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Russian President Vladimir Putin. Picture: KREMLIN via REUTERS/MIKHAIL METZEL
Russian President Vladimir Putin. Picture: KREMLIN via REUTERS/MIKHAIL METZEL

One way to think yourself into the warped mind of a despot such as Russian President Vladimir Putin is to first probe into the dark recesses of your own psyche, then figure out what’s different in his. The list is long, but one cognitive snafu that’s both common and relevant is called deformation professionelle.

We use the French term not only because that language often captures things better, but also because the phrase has an embedded pun that doesn’t translate into the English “professional deformation”. Formation professionelle means vocational training. Deformation professionelle therefore refers to the tunnel vision, biases and distortions we imbibe as we become expert at whatever we do.

Many prosecutors, for example, will walk down a random street and, looking left and right, see people who are guilty of something, just not yet caught. Defence attorneys strolling on the same sidewalk will look around and behold human beings who are unjustly accused of something or other, and probably harassed by an overbearing inquisition.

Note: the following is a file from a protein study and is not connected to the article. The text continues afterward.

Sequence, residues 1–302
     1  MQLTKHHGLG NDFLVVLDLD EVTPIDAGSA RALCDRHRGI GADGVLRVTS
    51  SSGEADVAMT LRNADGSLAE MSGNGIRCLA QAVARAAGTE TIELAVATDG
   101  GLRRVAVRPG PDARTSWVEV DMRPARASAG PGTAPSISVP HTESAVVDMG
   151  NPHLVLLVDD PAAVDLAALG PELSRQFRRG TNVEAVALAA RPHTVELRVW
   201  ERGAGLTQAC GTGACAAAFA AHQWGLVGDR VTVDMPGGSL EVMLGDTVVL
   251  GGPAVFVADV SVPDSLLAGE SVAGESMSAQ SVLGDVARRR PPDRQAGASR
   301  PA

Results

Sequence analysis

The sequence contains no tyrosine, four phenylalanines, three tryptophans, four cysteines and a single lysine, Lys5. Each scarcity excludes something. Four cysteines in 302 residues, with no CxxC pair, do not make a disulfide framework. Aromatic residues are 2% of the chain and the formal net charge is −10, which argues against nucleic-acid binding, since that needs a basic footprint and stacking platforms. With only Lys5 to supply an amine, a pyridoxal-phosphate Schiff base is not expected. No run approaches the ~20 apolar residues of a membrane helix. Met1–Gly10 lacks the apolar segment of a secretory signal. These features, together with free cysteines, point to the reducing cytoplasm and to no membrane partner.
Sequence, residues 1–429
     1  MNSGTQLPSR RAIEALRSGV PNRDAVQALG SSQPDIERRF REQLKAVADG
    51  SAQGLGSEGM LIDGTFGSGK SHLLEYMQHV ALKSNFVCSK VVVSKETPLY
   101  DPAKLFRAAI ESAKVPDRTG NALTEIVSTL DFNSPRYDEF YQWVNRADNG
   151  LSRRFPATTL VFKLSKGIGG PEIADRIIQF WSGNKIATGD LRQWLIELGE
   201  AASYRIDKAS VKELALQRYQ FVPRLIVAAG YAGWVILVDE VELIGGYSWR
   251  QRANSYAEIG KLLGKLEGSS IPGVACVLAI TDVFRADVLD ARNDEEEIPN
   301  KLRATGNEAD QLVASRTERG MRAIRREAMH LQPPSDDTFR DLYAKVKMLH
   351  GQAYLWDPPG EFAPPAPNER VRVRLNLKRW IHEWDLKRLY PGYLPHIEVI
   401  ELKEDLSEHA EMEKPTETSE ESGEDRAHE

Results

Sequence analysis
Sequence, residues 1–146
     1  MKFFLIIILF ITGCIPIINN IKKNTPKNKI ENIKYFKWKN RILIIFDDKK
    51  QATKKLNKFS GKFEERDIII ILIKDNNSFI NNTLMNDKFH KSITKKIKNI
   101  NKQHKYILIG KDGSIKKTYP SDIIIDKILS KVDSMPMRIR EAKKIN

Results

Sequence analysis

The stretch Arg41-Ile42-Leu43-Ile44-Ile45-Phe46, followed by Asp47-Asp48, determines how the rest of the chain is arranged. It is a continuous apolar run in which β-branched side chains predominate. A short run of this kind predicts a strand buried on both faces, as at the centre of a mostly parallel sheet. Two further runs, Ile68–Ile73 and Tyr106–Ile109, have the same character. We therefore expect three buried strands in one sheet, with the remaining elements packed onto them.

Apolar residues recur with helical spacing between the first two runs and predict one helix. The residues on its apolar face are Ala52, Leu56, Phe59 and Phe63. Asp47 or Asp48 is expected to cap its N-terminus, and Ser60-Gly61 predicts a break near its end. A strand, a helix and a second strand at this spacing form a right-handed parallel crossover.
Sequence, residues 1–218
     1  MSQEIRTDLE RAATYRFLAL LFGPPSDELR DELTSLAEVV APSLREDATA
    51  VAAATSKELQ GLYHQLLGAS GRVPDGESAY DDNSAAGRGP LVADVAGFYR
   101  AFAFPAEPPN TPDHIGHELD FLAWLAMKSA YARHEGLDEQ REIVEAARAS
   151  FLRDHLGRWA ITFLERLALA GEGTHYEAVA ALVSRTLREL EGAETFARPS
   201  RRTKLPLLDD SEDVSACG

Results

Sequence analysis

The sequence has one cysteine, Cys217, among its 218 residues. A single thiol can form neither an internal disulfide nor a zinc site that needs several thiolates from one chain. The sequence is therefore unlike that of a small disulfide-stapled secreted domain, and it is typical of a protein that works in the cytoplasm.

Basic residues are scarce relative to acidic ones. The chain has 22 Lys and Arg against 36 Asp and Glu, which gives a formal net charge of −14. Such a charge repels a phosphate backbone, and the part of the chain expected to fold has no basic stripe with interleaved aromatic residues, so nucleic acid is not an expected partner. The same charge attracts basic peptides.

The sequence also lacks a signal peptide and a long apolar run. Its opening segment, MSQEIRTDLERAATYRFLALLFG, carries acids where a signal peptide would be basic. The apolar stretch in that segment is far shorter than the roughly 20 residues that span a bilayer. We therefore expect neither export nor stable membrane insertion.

He is constantly speaking of betrayal and deceit. Things never happen spontaneously. If people demonstrate, he doesn’t ask, why are they out on the streets? He asks, who sent them?
Ivan Krastev, political scientist

Usually, deformation professionelle is all around us, but no more than a nuisance. It applies to the professor who comes home at night and annoyingly stays in lecture mode with the spouse and children. Or the tech guy at your company who — left to his own devices and in the name of cybersecurity — would make logging on to your computer so difficult that you’ll never do a jot of work again.

In the context of geopolitics generally, and the Russian attack on Ukraine specifically, the stakes are, of course, immeasurably higher.

Putin suffered his deformation professionelle in the KGB, the spy agency of the former Soviet Union. He worked there from 1975, when he was in his twenties, until just before the USSR collapsed. To this day, he likes to emphasise that there’s no such thing as a “former” KGB agent — people may have left the agency, but it never left them. 

Long before becoming leader of a nuclear power, therefore, he built an identity and personality as a spook. Ponder this. He didn’t rise to power after running for office, shaking hands and kissing babies; nor after managing a business, curing patients, researching mRNA or selling widgets. Putin got into pole position to be the Kremlin’s alpha male by spying on human beings, as well as tracking, manipulating and often discarding them. 

What did that do to Putin’s mind as we encounter it now? Ruediger von Fritsch, a former German ambassador to Russia, describes the psychological consequences as he observed them. Putin sorts everything in life — private or public, Russian or global — into categories of actual or potential hostilities, conspiracies or threats.